Facts about the Gold Rush and Its Economic Effects
The Gold Rush of the 1800s transformed our domestic economy and even changed the course of human migration.
Here’s an amazing statistic – more than 90% of the gold mined since the beginning of recorded human history has been extracted from the ground from the year 1848 and on. While this does point to the fervor around the prized yellow metal ever since it was discovered by John Sutter in Northern California circa 1848, it also indicates that our capacity to mine gold has gotten exponentially better in recent years. The Gold Rush was an incredible time in U.S. history, and has left a lasting impact on the economy of the United States. Let’s look at some lesser-known facts about the Gold Rush, and investigate how it helped shape our great nation.
Did You Know That…
- The Gold Rush represented the biggest mass migration in United States history? Just 20 months after Sutter’s discovery of gold in California, more than 100,000 people moved to the California Territory – amazing when you consider there were only about 7,000 non-native people living there in January of 1848.
- In 1798 in North Carolina, a Gold Rush proceeded the California Rush by about fifty years, and was triggered by the discovery of a 17-pound gold nugget in Cabarrus County. In all, 30,000 people participated in the North Carolina Gold Rush.
- It is estimated that in 1852, 92% of the participants in the California Gold Rush were male. And the few women that were involved in the Gold Rush were often relegated to service-industry roles, including servers, barmaids, and…brothel employees.
- The real winners during the Gold Rush were the merchants. In fact, more money was made by boomtown merchants than was generated through actual mining operations. With eggs costing upwards of $25 each and a pair of boots going for $2,000 or more, merchants had a captive audience who could pay exorbitant amounts for needed items. Major companies like Levi Strauss, Armour Foods, Wells Fargo, and Studebaker spawned from these enterprises.
- Sutter’s Mill may have been the site of the Gold Rush inception, but Sutter never got rich from the discovery of gold. His workers left his land to search for gold, and his property was quickly overrun by prospectors who destroyed much of his equipment and buildings. He later left for Pennsylvania and died nearly-bankrupt.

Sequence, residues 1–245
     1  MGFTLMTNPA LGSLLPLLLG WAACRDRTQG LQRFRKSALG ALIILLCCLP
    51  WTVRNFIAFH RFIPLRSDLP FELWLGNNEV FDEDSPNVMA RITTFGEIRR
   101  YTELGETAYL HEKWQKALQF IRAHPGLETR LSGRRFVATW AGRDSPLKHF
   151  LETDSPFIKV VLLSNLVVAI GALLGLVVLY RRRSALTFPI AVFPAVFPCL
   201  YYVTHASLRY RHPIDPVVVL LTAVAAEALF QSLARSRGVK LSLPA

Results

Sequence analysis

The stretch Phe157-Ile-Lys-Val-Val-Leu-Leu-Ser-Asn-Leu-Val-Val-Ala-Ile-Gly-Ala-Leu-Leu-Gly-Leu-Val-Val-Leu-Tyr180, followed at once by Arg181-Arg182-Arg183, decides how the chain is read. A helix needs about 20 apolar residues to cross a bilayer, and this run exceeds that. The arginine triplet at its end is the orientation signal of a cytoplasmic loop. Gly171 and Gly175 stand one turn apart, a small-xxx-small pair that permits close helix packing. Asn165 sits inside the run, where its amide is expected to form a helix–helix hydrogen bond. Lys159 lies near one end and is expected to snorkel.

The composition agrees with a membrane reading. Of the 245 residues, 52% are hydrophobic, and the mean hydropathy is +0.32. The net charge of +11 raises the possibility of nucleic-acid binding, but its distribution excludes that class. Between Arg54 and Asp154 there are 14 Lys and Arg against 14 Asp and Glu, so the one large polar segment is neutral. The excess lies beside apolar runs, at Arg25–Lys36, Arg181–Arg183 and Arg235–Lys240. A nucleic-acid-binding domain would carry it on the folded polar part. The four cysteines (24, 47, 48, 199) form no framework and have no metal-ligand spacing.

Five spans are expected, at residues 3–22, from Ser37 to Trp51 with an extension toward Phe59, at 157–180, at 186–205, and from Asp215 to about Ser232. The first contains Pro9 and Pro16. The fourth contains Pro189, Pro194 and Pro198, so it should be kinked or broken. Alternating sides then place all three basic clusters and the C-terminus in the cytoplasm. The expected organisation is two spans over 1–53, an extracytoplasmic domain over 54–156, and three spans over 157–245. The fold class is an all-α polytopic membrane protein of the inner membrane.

How Did the Gold Rush Shape the U.S. Economy?
The discovery of gold at Sutter’s Mill created a shift in the U.S. economy that could be felt in all corners of the world. As mentioned above, merchants and commercial establishments boomed and created the foundation for many of the businesses we take for granted today.
The Gold Rush also drove a massive population increase. Old Sacramento had a population of 150 people prior to the Gold Rush, and the entire California territory had a population of just a few thousands. Thousands of people per day could be seen heading into the territory to search for gold after 1848.
The Gold Rush also paved the way for California’s entrance into the Union in 1850, as the financial boom in the area and the increase in population helps make the area look particularly lucrative to U.S. politicians.
Finally, the agriculture and transportation sectors saw a serious lift thanks to the Gold Rush. New roads, bridges and railways were constructed, and California became a leading state in terms of agricultural production. Staple crops could be grown locally and that eliminated the multi-month shipping timeframes normally required to move crops from the East Coast to the West.
The Gold Rush was a defining time period in California history, and it has helped create a national dynamic that still exists today.